By Richard Jolly
Daniel Sturridge’s touch was lacking. His radar was in need of fine-tuning. He was on the fringes of the game, frustrated and frustrating. Then came the exquisite finish, arrowed into the top corner. A forgettable first half-hour mattered not. Yet again, Sturridge had scored.
In an instant, he had illustrated why he ought to be England’s main striker in Brazil. Not merely in the sense of being the furthest player forward, either, leading the line Emile Heskey-style to allow a more gifted No.10 more space, but in the respect that, if only one out-and-out attacker starts, it should be Sturridge.
His victims were only Peru, and Sturridge’s other international goals only came against San Marino, Montenegro and Denmark. He tends to be given second billing because Wayne Rooney’s CV features 38 goals for England and 216 for Manchester United. The Merseysider has the pedigree. The Liverpool striker has the form, the finishing and the fearlessness that were once Rooney’s hallmarks.
Not since Michael Owen went into premature decline have England been confronted with the problem of accommodating two who have proved themselves genuinely penetrative strikers. The cult of Rooney has grown in a vacuum, along with the notion a nation’s hopes rest on his squat shoulders. Another underwhelming display highlighted the point Paul Scholes made: far from being the focal point of the side, Rooney may not belong in it.
Not any more and not at elite level, anyway. Sturridge’s swift improvement does not create a selection dilemma against sides such as Peru or, indeed, most of the teams England faced in qualifying. They can afford to field two strikers. They reached the World Cup by playing a gung-ho 4-2-4 against Montenegro and Poland.
It was entertaining short-termism. The serious stuff starts in Manaus on June 14. England already have experience of playing two up front against Italy. It was harrowing. Their most frequent successful passing combination came when Joe Hart punted the ball up to Andy Carroll. They were outnumbered, out-thought and outclassed in midfield. Anyone whose memory stretches back two years to Euro 2012 can testify that Rooney could not subdue Andrea Pirlo.
When England meet Italy’s timeless master, they require a third central midfielder. The division of responsibilities against Peru – for Jordan Henderson to do the legwork and Steven Gerrard to use his right foot – is another tactic that would be riskier against teams with the tactical nous and assuredness in possession the Italians exhibit.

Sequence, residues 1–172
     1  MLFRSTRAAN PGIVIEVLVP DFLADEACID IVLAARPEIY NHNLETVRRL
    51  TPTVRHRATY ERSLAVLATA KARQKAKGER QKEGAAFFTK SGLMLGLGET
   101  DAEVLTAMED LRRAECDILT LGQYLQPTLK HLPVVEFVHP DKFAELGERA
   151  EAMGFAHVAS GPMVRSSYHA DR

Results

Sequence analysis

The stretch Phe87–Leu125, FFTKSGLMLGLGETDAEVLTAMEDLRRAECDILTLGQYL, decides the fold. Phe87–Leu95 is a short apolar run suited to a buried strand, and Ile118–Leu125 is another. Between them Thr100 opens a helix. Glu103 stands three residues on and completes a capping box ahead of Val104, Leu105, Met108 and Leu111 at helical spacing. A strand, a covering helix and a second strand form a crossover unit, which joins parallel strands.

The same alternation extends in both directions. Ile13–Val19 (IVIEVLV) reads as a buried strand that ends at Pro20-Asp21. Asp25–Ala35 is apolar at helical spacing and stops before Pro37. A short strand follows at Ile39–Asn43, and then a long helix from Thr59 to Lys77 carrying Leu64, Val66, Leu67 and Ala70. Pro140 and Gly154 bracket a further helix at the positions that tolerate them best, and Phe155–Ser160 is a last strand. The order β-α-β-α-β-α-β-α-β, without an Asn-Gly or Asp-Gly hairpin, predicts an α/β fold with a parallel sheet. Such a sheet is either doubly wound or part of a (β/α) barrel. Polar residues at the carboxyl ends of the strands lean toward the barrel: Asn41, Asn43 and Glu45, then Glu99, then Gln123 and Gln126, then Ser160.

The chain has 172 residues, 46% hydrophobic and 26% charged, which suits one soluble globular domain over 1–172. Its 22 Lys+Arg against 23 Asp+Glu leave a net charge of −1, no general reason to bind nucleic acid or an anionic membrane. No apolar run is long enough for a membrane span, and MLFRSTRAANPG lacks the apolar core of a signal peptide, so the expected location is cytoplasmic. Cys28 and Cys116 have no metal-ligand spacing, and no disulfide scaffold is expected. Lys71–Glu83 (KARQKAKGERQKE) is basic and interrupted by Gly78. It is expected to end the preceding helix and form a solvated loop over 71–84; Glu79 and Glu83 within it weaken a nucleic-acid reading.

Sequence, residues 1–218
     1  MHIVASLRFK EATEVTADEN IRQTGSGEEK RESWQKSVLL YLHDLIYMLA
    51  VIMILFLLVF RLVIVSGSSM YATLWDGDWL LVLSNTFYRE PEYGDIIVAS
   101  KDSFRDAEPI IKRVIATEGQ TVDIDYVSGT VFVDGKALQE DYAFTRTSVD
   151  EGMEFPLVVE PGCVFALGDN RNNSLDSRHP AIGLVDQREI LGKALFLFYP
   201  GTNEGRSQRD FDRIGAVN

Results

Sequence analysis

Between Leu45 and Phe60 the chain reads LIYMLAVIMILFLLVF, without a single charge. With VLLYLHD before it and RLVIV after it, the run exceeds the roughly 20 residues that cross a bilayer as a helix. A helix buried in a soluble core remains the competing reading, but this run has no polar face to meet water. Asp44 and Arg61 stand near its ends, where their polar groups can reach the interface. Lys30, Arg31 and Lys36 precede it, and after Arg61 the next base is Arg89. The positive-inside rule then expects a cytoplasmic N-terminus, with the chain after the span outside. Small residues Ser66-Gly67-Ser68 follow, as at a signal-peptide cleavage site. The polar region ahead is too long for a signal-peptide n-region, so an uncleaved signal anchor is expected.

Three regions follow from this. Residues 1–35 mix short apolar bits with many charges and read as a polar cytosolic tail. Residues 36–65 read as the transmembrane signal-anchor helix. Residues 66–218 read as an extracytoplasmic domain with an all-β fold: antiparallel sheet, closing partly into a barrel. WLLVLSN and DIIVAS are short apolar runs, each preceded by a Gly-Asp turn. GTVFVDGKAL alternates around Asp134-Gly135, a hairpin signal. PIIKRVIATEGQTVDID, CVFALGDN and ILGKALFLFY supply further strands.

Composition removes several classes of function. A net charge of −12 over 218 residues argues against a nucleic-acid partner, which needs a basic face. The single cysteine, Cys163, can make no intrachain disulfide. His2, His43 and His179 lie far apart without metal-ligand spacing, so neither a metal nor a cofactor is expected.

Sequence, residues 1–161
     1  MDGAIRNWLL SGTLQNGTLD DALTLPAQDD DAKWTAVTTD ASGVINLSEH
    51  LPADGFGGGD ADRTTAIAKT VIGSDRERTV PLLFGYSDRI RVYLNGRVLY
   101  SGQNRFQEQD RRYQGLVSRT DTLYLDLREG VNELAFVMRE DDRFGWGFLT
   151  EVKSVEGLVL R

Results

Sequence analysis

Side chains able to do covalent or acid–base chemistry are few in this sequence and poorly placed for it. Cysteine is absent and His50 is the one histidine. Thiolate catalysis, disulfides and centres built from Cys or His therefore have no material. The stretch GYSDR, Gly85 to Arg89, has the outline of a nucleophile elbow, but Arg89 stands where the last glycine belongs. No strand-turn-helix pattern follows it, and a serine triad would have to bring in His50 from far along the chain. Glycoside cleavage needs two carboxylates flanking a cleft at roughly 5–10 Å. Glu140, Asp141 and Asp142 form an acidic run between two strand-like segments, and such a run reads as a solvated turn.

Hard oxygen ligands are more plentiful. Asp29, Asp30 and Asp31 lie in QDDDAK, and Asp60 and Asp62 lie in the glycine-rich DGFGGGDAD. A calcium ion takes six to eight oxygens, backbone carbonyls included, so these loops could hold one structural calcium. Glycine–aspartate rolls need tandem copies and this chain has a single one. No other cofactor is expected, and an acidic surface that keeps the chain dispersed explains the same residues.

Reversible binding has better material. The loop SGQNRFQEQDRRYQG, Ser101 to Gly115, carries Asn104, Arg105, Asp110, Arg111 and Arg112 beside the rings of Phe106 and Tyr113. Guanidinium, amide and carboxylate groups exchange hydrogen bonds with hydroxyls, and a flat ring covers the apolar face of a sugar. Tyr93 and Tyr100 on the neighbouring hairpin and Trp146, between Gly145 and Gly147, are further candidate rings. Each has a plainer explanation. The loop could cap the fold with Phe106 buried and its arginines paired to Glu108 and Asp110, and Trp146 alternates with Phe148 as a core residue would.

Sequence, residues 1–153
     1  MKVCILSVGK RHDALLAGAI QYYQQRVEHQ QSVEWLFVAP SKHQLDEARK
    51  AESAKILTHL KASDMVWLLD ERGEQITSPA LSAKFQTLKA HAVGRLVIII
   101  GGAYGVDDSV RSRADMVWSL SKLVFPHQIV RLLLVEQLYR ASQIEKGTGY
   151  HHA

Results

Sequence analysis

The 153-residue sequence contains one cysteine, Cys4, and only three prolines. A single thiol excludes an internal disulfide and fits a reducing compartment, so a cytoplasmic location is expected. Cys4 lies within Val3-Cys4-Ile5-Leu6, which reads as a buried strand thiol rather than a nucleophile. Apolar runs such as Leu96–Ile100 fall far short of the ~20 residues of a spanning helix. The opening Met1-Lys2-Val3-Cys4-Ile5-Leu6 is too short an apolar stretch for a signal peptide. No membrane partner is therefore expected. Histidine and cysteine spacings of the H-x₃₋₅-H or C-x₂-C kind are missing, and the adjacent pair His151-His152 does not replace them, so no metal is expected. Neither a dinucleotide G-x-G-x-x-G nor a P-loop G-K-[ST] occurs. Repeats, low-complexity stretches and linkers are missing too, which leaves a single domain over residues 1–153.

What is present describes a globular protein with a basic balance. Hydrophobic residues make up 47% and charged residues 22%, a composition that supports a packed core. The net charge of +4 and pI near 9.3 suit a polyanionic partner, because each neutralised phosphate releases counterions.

To put it another way, the ever-willing Henderson will need help. Tellingly, Rooney spent much of his time at Wembley dropping off. Yet occupying a deeper role and man-marking a playmaker par excellence are very different. Tracking Pirlo is a task for a midfielder: one, perhaps, that Henderson could do if, say, Jack Wilshere were to take on some of his other duties.
And so, if Hodgson is brave enough to contemplate omitting his most famous player, it leaves a decision: Rooney or Sturridge? It is his Jimmy Greaves-versus-Geoff Hurst call, lacking the guarantee the younger man will justify his selection with a hat-trick, but with the same sense he does not deserve to be sacrificed. Or, if he incorporates both, does he ask Rooney to reprise the role he adopted so selflessly in United’s 2009 Champions League campaign, of selfless running on the flank so a more devastating goalscorer – Cristiano Ronaldo, in that instance – is the striking spearhead.
It is a question if reputation can save Rooney or if Rooney, after two dismal World Cups, will justify his lofty standing. It is a test to see if Hodgson can be flexible enough in his thinking to adopt different systems for different games. Because while Peru played with three centre-backs – a shape England are unlikely to encounter in Brazil – and while this fixture may have been arranged with Uruguay in mind, it was better preparation for facing Costa Rica, a limited team they will have to break down. Peru had several openings, but had no one comparable with Luis Suarez.
Instead, the reminders of the double Footballer of the Year came from his Anfield ally. Sturridge remains the lesser member of Liverpool’s SAS. For England, however, he is staking an ever-greater case to be the top gun.